Facts must be of service, after all, and if those you serve aren't interested, or are actually hostile to the facts ... well, someone once said, "unused knowledge is a burden." In Iraq today, disenfranchised Ba'athists - even some who worked for a while with the Occupation - are signing up as functionaries for islamists, both in the Sunni-dominant regions and the Shia-dominant regions. This move is all of a piece in the all-important matter of knowing what to feel, even when that means abandoning the truth. It's a sort of Stockholm Syndrome writ large - society-wide, in fact.

War is captivity. Long in captivity, one can stop feeling, can succumb to depression. Hatred expressed against captors is only expression of impotence, and can at best only earn you blows. But sympathizing with one's captors opens you up to feel again. And from your captors, you can receive a predigested set of feelings to refill your dessicated soul - hatred of your captors' enemies not least among them. Nuance, ambiguity, reason, the withholding of judgment - what attraction or satisfaction can any of those adult cognitive responsibilities hold for a social captive, reduced to a state of child-like dependency and incomprehension in a chaotic world? No, what you want is a conspiracy theory, no matter that it is an improbable one. A conspiracy theory orders your world-view immediately. And it tells you clearly who you should hate. And as for love, how can you not love the theory's messenger in that event, whether your captor-messenger is a George W. Bush, or a Moqtada al-Sadr?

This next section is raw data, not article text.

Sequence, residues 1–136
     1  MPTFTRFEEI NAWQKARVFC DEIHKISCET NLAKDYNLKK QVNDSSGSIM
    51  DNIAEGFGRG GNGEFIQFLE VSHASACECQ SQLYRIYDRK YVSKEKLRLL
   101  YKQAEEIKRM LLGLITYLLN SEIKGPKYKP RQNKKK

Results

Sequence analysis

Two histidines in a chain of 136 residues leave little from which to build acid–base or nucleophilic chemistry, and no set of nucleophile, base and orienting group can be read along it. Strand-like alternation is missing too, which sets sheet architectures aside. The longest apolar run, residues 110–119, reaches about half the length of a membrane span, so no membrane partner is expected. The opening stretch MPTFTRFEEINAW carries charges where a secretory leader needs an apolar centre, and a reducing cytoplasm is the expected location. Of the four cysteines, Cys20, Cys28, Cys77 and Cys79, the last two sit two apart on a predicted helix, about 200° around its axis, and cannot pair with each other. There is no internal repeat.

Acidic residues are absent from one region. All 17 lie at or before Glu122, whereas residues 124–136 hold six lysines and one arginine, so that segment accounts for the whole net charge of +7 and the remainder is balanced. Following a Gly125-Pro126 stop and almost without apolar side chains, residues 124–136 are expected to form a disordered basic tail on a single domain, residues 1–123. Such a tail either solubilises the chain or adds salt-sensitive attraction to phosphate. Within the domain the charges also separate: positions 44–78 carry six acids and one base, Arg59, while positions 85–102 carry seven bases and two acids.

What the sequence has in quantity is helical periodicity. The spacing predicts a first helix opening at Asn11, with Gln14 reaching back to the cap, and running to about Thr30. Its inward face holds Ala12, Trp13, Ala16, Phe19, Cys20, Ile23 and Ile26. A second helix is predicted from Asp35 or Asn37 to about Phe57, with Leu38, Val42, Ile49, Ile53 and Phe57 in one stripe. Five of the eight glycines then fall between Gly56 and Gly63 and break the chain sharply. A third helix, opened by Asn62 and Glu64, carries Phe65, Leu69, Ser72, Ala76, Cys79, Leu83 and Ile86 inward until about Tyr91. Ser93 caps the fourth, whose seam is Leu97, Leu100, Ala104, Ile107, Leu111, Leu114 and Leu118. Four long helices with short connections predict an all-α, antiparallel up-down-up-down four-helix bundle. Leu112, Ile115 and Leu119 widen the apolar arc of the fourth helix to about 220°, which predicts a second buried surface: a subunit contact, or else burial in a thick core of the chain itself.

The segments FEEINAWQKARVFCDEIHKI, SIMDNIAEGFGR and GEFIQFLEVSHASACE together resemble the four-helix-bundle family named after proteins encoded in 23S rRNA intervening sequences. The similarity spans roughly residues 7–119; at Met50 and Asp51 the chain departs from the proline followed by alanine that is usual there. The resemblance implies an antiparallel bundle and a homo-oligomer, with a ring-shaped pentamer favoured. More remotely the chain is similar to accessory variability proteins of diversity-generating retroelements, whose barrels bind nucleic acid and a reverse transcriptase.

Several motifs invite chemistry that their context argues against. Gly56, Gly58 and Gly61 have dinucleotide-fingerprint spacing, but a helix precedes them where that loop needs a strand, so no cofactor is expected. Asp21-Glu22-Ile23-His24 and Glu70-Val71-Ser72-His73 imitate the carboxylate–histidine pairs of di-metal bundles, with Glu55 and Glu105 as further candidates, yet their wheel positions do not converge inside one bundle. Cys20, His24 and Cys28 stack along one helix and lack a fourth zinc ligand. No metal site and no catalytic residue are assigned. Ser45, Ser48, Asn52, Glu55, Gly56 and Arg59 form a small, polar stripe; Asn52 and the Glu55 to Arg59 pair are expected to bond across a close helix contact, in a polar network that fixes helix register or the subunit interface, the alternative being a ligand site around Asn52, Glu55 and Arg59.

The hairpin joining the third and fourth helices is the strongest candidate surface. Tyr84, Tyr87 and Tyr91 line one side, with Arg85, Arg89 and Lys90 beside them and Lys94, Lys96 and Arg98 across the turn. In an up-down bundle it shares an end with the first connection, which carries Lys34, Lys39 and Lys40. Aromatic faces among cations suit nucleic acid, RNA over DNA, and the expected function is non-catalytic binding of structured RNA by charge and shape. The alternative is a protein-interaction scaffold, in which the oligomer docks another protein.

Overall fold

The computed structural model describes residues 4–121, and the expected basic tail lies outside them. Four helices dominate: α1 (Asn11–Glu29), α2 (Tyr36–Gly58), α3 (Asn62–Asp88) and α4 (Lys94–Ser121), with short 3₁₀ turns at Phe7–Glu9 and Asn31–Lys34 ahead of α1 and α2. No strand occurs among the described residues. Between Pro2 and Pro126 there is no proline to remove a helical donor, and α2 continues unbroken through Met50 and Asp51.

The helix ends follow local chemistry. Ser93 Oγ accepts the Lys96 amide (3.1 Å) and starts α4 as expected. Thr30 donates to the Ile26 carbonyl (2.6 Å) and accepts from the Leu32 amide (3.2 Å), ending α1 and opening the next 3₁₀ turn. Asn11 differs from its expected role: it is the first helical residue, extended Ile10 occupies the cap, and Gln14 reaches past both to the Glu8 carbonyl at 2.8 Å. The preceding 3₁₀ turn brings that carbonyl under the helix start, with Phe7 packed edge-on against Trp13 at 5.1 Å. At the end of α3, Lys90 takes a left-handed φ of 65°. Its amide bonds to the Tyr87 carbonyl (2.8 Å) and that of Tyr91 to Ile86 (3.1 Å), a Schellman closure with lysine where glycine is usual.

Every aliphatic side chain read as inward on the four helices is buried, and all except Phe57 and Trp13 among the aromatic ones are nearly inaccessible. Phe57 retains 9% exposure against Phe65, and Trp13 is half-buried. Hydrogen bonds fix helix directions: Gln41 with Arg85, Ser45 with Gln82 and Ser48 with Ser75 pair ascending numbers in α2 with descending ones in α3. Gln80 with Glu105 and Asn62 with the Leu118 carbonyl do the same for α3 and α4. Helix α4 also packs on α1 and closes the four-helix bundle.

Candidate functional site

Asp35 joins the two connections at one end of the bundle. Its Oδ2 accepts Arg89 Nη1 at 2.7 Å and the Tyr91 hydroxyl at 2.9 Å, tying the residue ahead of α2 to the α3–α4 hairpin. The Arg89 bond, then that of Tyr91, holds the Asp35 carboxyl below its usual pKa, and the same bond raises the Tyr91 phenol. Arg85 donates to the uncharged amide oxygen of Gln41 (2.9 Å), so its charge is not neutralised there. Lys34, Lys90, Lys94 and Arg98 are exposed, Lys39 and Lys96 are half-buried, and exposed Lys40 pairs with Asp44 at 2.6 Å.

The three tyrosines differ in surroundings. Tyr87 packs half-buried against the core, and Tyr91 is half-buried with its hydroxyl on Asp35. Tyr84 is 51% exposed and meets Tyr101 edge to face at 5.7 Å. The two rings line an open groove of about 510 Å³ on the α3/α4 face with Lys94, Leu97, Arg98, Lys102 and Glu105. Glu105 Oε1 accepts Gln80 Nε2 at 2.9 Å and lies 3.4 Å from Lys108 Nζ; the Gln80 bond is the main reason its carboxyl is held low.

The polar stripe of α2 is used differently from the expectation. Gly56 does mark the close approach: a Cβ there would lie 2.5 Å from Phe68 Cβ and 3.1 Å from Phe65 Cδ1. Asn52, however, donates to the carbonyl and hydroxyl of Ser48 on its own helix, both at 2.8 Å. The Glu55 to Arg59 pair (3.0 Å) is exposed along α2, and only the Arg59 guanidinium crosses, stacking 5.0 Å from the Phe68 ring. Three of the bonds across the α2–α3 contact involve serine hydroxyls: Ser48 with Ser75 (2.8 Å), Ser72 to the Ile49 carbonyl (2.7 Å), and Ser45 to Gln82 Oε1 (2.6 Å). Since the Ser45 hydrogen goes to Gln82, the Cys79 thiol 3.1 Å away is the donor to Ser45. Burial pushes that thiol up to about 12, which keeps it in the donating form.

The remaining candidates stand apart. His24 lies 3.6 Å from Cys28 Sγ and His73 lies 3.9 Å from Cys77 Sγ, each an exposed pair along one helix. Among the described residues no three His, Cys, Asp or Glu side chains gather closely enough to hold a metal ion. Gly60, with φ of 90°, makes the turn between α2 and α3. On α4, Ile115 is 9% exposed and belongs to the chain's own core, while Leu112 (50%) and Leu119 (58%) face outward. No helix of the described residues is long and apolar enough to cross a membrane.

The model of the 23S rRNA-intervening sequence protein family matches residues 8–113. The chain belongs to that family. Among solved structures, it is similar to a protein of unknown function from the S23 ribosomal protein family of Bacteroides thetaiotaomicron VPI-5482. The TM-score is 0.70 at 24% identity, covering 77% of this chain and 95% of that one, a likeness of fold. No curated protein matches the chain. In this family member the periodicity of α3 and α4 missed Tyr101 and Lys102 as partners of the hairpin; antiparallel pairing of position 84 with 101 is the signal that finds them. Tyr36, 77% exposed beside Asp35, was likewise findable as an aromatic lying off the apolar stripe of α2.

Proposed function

War and economic depression makes hostages of us all. And hostages will side with captors. As a species, we're wired to make the best of bad situations. And that wiring just guarantees that the bad situations will repeat.


At 9:17 PM, Blogger jqb said...

Hi, Michael. Since I am banned from Marc's blog (still the only such person, I think, though he keeps threatening "steve"), allow me to post here my comments that I emailed you on this topic (with a typo fixed). (BTW, why have you stopped blogging? You write great stuff.)

In case you folks didn't catch it, Marc silently removed Al Giordano's response to his slander of Naomi Klein, though (oversight?) he did leave the mention of (no, I didn't post it; I'm still banned and haven't bothered to seek out an alternative IP address), where you can find the article. IMO, Al gets it right -- do be sure to read it.

Cooper, OTOH, can't even be bothered to get the title right: 'I'll grant it has a catchy title: "From Najaf to New York."' No, the title is the very phrase that he finds so objectionable -- "Bring Najaf to New York". And far from being a "non-sensical" or "morally objectionable" "equation", it's meaning is crystal clear from the opening of her second paragraph -- "What surprises me is what isn't here: Najaf. It's nowhere to be found." What's missing is awareness of, and responsibility for, what's happening in Najaf. It isn't a plea to impose a theocracy on New York or occupy its mosques or whatever veiled equivalent Marc is reading into it. Sheesh.